Since this is a Tarantino movie, they will violently refuse and violently be put down for their troubles. The tone is set: Absurdity (that giant tooth) plus bloodshed (not ketchup) plus graveyard humor (Waltz has all the best lines, and he knows it). It develops that Django, on a mission to recover Hildi (Kerry Washington), the wife from whom he was torn apart, becomes Schultz’s partner. Among other things, this means he gets to obliterate a lot of white racists as the two of them carve their way to the plantation, Candyland, where Hildi is being held. It’s a love story crossed with a buddy movie.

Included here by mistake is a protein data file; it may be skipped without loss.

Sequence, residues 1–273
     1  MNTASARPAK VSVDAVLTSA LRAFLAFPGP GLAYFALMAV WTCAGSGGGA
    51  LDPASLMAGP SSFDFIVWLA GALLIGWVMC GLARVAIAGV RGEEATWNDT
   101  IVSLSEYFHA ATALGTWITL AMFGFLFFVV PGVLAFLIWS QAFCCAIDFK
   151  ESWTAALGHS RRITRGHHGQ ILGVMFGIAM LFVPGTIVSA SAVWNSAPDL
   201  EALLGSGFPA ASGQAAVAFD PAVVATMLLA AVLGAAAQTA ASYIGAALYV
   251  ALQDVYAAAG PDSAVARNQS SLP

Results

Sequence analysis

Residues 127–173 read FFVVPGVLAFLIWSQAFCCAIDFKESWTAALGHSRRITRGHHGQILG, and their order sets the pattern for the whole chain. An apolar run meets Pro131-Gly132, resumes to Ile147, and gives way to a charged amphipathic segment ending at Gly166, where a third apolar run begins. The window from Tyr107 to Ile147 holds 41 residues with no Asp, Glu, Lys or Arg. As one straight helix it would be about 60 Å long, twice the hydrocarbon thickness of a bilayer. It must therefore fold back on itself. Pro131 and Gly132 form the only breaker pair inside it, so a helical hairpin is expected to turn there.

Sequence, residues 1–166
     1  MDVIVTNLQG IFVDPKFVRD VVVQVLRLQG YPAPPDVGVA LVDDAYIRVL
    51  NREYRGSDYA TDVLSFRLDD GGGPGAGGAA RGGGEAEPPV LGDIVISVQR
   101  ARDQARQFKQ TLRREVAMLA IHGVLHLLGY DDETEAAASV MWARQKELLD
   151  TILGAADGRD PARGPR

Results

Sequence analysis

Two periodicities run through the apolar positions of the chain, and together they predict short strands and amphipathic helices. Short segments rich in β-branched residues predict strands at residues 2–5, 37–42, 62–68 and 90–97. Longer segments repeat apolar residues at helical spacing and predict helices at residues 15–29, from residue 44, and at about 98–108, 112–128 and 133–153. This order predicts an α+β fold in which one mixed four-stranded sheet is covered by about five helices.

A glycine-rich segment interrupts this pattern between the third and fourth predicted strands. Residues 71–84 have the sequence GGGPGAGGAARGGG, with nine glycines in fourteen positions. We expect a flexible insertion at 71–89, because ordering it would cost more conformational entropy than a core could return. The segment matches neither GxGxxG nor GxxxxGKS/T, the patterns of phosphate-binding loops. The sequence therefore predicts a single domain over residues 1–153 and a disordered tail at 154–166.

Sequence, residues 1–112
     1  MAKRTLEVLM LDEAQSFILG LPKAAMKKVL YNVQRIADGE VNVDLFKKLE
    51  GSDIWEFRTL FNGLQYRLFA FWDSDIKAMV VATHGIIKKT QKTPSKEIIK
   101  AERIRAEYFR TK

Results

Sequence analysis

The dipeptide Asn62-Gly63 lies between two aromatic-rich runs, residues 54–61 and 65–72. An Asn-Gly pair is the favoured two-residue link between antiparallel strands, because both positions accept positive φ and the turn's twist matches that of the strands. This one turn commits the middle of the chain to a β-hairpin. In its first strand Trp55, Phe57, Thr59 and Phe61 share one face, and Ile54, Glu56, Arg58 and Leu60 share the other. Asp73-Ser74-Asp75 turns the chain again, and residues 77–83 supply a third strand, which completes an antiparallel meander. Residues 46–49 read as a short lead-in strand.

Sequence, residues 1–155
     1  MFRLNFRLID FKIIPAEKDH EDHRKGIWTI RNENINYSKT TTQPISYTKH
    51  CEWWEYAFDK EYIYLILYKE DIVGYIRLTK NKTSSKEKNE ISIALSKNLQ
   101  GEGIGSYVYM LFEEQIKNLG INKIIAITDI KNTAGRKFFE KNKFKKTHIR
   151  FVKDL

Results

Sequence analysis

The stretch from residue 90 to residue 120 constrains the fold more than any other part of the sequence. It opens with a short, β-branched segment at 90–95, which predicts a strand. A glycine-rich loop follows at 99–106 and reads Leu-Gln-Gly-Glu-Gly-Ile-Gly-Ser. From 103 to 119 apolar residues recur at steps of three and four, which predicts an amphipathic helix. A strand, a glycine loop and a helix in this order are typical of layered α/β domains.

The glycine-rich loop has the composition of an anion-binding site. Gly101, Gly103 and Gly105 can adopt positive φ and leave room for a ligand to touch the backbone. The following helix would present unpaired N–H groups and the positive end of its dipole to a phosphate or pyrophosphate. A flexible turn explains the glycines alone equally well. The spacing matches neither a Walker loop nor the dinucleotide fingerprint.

Instead of trying to buy Hildi outright, which might be too obvious, they pretend to be in the market for a mandingo fighter. Calvin Candie (Leonardo DiCaprio), the plantation owner, is a sniggling little tyrant, but he’s taken in by the ruse until Stephen (Samuel L. Jackson), who runs the household, sniffs it out. In a crew of mostly bad guys, Stephen is probably the worst of the worst. This is perhaps the most politically incorrect role a black man has ever played since “The Birth of a Nation” – and, come to think of it, white actors played black actors in that movie.